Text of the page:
More Kratom Products Recalled Owing to Salmonella Risk

Megan Brooks


June 22, 2018

Gaia Ethnobotanical LLC, of Jacksonville, Florida, is voluntarily recalling all of its kratom powder products with lot number 0102031800 and batch number 031800, owing to potential Salmonella contamination.

The recall covers 27 kratom products the company manufactured, processed, packed, or held from March 18, 2018, to March 30, 2018. The product was packaged in plastic bags containing 1 oz, 250 g, and 1 kg. All recalled products are listed in a company news release posted June 21 on the US Food and Drug Administration (FDA) website.

The products were distributed to 40 states via the Internet. Through sample testing, the FDA found that the products were contaminated with Salmonella, the company said.

As a result of the FDA's findings, the company said it has "implemented standard operating procedures and sterilization processes in accordance to FDA guidelines."

Gaia is notifying its customers of the recall by email and/or telephone. Consumers are advised to return the recalled products to the company or immediately discard them. For more information on the recall, contact the company at or by phone at 702-996-8523.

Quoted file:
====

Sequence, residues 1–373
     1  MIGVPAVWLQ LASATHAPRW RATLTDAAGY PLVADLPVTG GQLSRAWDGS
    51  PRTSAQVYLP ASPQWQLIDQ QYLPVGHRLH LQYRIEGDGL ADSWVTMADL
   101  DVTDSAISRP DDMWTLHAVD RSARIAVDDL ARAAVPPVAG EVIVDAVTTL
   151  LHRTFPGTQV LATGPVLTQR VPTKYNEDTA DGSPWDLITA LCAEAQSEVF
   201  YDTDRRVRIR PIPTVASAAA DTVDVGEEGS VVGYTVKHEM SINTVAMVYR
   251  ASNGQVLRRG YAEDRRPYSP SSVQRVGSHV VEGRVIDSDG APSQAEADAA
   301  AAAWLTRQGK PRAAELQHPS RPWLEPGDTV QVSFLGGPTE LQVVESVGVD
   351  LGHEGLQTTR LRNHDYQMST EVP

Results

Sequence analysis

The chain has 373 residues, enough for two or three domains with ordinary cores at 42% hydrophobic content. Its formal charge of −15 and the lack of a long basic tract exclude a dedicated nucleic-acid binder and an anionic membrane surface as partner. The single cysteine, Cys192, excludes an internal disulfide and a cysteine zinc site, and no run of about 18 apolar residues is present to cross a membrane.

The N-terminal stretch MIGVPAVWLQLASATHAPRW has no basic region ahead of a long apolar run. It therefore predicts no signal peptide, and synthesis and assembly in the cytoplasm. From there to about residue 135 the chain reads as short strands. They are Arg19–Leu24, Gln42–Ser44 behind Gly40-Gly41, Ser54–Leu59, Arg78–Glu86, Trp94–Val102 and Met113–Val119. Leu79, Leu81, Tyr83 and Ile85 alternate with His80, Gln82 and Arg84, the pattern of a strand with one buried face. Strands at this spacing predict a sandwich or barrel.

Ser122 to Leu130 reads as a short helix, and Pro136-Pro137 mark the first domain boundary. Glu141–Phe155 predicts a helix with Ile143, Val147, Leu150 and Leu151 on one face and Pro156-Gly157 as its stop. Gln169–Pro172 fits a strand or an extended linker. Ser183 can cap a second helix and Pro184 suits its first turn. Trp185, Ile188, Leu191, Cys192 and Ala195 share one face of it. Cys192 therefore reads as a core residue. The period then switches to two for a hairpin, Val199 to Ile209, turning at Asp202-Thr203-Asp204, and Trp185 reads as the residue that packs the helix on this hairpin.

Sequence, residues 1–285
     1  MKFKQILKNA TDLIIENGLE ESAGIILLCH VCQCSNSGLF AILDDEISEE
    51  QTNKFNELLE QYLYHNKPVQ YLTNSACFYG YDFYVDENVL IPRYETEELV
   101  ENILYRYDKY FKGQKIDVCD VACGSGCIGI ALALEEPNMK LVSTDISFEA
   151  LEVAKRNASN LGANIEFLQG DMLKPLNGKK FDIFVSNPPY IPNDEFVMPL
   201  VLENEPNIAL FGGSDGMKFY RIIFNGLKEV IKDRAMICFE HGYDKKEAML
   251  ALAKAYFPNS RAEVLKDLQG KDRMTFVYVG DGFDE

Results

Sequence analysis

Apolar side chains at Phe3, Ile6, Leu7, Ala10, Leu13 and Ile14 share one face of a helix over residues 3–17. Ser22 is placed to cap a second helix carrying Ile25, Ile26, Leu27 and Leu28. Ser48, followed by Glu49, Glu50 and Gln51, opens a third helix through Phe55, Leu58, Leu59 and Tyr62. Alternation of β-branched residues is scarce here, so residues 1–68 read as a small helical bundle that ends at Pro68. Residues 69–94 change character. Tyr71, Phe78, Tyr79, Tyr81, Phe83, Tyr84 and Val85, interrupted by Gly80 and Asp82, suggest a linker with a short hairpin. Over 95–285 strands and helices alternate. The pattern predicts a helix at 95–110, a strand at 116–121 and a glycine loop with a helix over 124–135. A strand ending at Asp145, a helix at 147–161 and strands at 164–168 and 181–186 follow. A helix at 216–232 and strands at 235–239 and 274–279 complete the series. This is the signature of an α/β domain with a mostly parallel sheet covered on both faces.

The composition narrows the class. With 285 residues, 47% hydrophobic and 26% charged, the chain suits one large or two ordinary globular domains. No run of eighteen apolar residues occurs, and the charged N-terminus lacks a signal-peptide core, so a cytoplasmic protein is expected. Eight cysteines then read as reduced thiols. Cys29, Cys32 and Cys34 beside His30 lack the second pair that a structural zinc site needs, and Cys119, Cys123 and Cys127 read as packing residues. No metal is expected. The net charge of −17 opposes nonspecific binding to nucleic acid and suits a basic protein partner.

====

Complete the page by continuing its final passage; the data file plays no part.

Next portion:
Ongoing Kratom Crackdown

Kratom is derived from the leaves from the kratom tree (Mitragyna speciosa), which is native to Thailand, Indonesia, and Papua New Guinea. The botanical's popularity has been increasing in the United States, with users claiming it helps treat pain, anxiety, depression, and, more recently, opioid withdrawal.

In April, as reported by Medscape Medical News, the FDA issued a mandatory recall of all food products containing powdered kratom manufactured, processed, packed, or held by Triangle Pharmanaturals LLC, after several products were found to contain Salmonella.

In May, as part of the FDA's ongoing efforts to crack down on kratom and to alert the public to the risks of using kratom products, the agency sent warning letters to three companies for illegally selling unapproved kratom products, which the companies claimed could treat opioid addiction and withdrawal and a host of other problems.

The letters were sent to Front Range Kratom, of Aurora, Colorado; Kratom Spot, of Irvine, California; and Revibe Inc, of Kansas City, Missouri, as reported by Medscape Medical News.

There are no FDA-approved uses for kratom, and the agency has advised against using kratom or its psychoactive compounds mitragynine and 7-hydroxymitragynine in any form and from any manufacturer.

Kratom has been linked to more than 40 deaths. Earlier this year, an analysis of the substance by FDA scientists found that its compounds act like prescription-strength opioids, as reported by Medscape Medical News.

The scientific data and adverse event reports have "clearly revealed" that compounds in kratom make it "not just a plant — it's an opioid," FDA Commissioner Scott Gottlieb, MD, said in a statement.

"Claiming that kratom is benign because it's 'just a plant' is shortsighted and dangerous," he added.

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